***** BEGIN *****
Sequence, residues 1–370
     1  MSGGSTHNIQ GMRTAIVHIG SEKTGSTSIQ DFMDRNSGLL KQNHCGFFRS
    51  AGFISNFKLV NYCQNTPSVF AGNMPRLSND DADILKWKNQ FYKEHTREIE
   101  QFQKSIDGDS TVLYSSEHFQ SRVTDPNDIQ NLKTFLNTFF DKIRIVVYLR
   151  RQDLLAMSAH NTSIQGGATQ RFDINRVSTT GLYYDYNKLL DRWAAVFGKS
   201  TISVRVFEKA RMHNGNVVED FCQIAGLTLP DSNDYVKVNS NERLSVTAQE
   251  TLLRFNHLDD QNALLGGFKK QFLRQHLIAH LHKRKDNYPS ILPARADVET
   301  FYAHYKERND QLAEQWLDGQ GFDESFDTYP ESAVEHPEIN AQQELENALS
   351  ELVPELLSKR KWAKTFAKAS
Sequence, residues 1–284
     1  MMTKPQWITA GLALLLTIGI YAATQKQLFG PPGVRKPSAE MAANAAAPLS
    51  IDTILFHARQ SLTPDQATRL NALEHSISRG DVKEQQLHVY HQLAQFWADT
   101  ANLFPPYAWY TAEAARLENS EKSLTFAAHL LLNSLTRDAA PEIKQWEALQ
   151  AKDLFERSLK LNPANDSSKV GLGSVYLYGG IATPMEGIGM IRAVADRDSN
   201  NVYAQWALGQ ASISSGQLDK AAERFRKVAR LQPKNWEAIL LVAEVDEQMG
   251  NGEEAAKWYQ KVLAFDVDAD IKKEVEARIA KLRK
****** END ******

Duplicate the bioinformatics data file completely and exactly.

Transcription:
Sequence, residues 1–370
     1  MSGGSTHNIQ GMRTAIVHIG SEKTGSTSIQ DFMDRNSGLL KQNHCGFFRS
    51  AGFISNFKLV NYCQNTPSVF AGNMPRLSND DADILKWKNQ FYKEHTREIE
   101  QFQKSIDGDS TVLYSSEHFQ SRVTDPNDIQ NLKTFLNTFF DKIRIVVYLR
   151  RQDLLAMSAH NTSIQGGATQ RFDINRVSTT GLYYDYNKLL DRWAAVFGKS
   201  TISVRVFEKA RMHNGNVVED FCQIAGLTLP DSNDYVKVNS NERLSVTAQE
   251  TLLRFNHLDD QNALLGGFKK QFLRQHLIAH LHKRKDNYPS ILPARADVET
   301  FYAHYKERND QLAEQWLDGQ GFDESFDTYP ESAVEHPEIN AQQELENALS
   351  ELVPELLSKR KWAKTFAKAS
Sequence, residues 1–284
     1  MMTKPQWITA GLALLLTIGI YAATQKQLFG PPGVRKPSAE MAANAAAPLS
    51  IDTILFHARQ SLTPDQATRL NALEHSISRG DVKEQQLHVY HQLAQFWADT
   101  ANLFPPYAWY TAEAARLENS EKSLTFAAHL LLNSLTRDAA PEIKQWEALQ
   151  AKDLFERSLK LNPANDSSKV GLGSVYLYGG IATPMEGIGM IRAVADRDSN
   201  NVYAQWALGQ ASISSGQLDK AAERFRKVAR LQPKNWEAIL LVAEVDEQMG
   251  NGEEAAKWYQ KVLAFDVDAD IKKEVEARIA KLRK